Source: National Science Foundation
Through ancient and modern times many methods have been proposed and attempted to induce or to aid rainfall. Two U. S. Government patents on methods of rainmaking were issued before the turn of the 20th century based, respectively, upon the production of carbon dioxide by expending "liquified carbonic acid gas" and upon concussion by the detonation of explosives. Interestingly enough the long since expired patent, based on the production of carbon dioxide in the form of dry ice, anticipated the cloud seeders of today. The pioneering field and laboratory work of meteorologists in the War and Navy Departments on the popular notion 1 that rainfall could be caused by the
detonation of explosives was supported by Federal Government funds. Even social, political and legal conflicts over weather and climate modification are not new. In 1916 San Diego's employment of a rainmaker, resulting in claims of loss of life and property damage of a million dollars, anticipated by half a century the litigation and State and local legislative action of today.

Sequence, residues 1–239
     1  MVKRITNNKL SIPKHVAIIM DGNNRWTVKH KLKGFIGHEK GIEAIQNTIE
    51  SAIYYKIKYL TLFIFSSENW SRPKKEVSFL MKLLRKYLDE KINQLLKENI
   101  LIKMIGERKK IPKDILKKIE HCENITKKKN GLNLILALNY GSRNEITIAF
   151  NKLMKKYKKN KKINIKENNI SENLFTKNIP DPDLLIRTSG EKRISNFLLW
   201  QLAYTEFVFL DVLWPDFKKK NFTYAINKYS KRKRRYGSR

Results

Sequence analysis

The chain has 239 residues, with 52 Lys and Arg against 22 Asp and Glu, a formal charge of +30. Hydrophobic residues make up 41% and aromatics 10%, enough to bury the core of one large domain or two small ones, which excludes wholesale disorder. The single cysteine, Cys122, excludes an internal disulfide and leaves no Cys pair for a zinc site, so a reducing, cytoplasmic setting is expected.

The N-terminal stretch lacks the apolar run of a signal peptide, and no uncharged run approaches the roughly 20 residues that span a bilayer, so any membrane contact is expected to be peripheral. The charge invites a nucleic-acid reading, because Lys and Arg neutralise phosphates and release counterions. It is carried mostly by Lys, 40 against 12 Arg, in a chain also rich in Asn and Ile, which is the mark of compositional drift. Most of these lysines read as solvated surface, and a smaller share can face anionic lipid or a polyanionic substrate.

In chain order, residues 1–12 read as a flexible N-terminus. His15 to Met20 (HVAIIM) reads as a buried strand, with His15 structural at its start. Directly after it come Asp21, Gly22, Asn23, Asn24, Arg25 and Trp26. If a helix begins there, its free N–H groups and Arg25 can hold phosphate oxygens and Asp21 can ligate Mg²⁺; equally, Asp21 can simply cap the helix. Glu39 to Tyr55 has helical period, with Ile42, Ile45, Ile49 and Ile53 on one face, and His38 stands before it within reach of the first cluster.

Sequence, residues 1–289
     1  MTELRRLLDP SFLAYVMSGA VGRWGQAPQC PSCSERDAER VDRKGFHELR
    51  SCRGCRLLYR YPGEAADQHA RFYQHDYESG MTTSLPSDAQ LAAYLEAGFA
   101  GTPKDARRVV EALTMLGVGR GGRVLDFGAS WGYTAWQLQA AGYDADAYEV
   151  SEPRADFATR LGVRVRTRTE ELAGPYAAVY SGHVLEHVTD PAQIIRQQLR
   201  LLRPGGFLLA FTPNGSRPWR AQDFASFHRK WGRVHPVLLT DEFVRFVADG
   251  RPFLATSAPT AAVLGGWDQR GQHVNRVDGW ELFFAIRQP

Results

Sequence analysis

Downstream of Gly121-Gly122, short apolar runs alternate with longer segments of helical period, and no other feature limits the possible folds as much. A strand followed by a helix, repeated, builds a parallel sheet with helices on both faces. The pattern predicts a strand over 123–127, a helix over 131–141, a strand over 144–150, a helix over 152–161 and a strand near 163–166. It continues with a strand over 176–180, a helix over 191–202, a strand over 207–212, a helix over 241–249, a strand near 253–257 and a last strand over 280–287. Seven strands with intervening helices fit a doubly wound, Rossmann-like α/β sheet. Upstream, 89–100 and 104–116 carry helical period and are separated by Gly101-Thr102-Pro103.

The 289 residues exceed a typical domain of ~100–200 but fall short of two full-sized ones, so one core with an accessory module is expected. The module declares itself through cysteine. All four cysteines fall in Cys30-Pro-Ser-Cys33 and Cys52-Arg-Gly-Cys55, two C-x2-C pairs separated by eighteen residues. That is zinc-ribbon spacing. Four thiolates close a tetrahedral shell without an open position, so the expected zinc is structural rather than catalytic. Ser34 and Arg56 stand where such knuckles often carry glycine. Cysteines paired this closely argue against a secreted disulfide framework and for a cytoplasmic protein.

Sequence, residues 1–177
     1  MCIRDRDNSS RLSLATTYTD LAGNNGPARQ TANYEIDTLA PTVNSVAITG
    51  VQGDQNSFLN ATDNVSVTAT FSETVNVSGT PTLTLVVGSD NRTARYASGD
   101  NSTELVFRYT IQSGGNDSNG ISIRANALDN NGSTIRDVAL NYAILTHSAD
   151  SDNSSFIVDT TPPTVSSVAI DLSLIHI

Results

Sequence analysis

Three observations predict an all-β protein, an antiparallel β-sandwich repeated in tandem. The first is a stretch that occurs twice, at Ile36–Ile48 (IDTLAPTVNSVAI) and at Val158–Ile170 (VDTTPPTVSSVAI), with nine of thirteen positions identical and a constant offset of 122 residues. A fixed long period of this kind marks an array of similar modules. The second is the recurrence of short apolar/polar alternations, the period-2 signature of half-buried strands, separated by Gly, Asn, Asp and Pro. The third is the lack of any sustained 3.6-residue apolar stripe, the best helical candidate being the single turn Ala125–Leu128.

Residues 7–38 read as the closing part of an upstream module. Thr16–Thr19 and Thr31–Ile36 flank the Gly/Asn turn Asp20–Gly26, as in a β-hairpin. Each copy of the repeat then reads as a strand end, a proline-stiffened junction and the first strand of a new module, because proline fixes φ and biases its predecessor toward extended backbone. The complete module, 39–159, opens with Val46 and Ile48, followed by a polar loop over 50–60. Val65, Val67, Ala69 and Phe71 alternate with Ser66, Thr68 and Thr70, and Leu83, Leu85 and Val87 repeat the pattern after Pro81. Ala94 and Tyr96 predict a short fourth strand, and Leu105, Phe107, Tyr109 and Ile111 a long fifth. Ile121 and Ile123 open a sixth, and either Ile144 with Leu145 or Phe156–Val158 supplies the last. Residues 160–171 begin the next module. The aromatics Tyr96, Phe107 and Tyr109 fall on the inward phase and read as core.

The 1946 demonstration that clouds might be modified and rain produced by scientific methods arose out of the World War II investigations of fog particles by Langmuir and Schaefer. The military possibilities of this discovery led the armed services to support a broad theoretical, laboratory and field program in cloud modification from 1947 to 1952, known as Project Cirrus. Civilian and military implications were investigated by the
Cloud Physics Project of the U.S. Weather Bureau, Air Force and National Advisory Committee for Aeronautics from 1948 to 1951. The military services followed the termination of Project Cirrus in 1952 with a Department of Defense 5 year Artificial Cloud Nucleation Project.